Somewhat appropriately, the pilot episode of Casual, Hulu’s dark comedy starring Michaela Watkins (formerly of SNL, more recently of Enlightened, New Girl and The New Adventures of Old Christine) starts off on a dark note—a solemn, church scene in which something goes awfully wrong. I’m not going to say what happens, but I will tell you that it’s uncomfortably reminiscent of the opening moments of the 2007 pilot episode of Californication, a bit of a cold shower given Casual’s obvious intent to push boundaries. In the first episode alone, there are jokes about suicide, PTSD, anti-depressants—not to mention a character who dreams about fucking his father. No doubt this series was described as “edgy” in the pitch room.
I’m not going to lie to you—Casual is uneven. The tone is muddled, it seems oh-so desperate to be relevant, (paleo diet and uber jokes, anyone?), and even after three episodes, it’s unclear what’s at stake in the first season, other than whether Watkins’ character Valerie will get to purchase the house she…well…wants to purchase.
That being said, if you’re not watching Casual, you’re missing out on one of the most comically delicate performances in recent memory. Watkins is a revelation as a woman who has made a “long chain of self-destructive choices that led to the dissolution of a loveless marriage.” Not unlike Lisa Kudrow’s Valerie Cherish in HBO’s The Comeback, Watkins’ Valerie is out to defy the trappings of identity that our culture imposes on “women of a certain age.” Valerie isn’t going to hike Runyon and have a hoot brunching with Amy Schumer and her “unfuckable” friends. Sheepish yet resolute, her performance communicates a dark, withering pathos than eludes most characters who we are accustomed to watch poking fun at the patriarchy. Watkins might not spawn as many thought-pieces on Vulture as many of her sisters-at-arms, but her comic powers shouldn’t be underestimated.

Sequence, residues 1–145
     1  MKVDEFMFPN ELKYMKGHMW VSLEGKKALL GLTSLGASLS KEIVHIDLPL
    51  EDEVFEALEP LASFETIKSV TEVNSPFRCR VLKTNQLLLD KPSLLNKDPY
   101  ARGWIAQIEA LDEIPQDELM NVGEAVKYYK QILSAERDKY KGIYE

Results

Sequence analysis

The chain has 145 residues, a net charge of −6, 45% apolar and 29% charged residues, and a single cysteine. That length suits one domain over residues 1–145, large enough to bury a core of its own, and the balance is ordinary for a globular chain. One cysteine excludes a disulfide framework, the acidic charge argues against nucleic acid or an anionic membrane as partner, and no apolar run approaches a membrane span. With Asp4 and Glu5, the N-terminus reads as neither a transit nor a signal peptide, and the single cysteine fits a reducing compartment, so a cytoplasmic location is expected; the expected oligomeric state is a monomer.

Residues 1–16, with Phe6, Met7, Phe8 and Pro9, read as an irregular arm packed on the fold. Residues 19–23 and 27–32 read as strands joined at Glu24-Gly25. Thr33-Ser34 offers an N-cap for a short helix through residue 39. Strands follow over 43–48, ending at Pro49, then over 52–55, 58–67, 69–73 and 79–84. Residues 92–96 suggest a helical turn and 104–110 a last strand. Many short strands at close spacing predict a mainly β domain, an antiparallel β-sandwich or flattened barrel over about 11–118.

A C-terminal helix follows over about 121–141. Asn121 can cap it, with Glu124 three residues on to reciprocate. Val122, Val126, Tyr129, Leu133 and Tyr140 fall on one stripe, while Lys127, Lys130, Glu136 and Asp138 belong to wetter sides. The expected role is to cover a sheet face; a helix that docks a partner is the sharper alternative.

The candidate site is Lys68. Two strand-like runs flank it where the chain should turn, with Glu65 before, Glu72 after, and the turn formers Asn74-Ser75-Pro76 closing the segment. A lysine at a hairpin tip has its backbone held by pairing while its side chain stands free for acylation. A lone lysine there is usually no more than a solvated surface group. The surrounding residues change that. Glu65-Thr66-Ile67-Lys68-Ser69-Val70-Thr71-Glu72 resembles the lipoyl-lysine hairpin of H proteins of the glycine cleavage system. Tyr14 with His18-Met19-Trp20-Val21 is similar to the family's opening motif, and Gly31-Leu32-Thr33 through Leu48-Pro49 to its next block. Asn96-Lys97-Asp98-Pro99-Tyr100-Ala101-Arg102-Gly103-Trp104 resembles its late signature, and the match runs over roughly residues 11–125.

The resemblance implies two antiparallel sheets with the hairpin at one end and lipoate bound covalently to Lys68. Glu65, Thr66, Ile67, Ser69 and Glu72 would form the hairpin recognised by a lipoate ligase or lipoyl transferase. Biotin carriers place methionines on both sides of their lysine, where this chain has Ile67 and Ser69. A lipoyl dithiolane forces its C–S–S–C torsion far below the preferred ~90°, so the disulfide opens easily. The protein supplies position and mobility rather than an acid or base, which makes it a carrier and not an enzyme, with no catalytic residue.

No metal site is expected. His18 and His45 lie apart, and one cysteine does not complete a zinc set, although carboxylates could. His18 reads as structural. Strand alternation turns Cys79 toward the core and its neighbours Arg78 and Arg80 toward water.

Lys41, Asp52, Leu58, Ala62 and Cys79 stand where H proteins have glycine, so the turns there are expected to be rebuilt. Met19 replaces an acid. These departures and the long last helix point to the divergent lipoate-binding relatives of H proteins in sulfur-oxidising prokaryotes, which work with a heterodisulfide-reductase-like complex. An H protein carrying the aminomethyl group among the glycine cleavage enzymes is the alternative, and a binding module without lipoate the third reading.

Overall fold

“Here you are, aging naturally and embracing it. It’s so refreshing,” a younger female character remarks to Valerie. Barely moving—maybe an unusually timed exhale and blink—Watkins takes that comment in and somehow manages to plumb it for as much hurt as she does humor.
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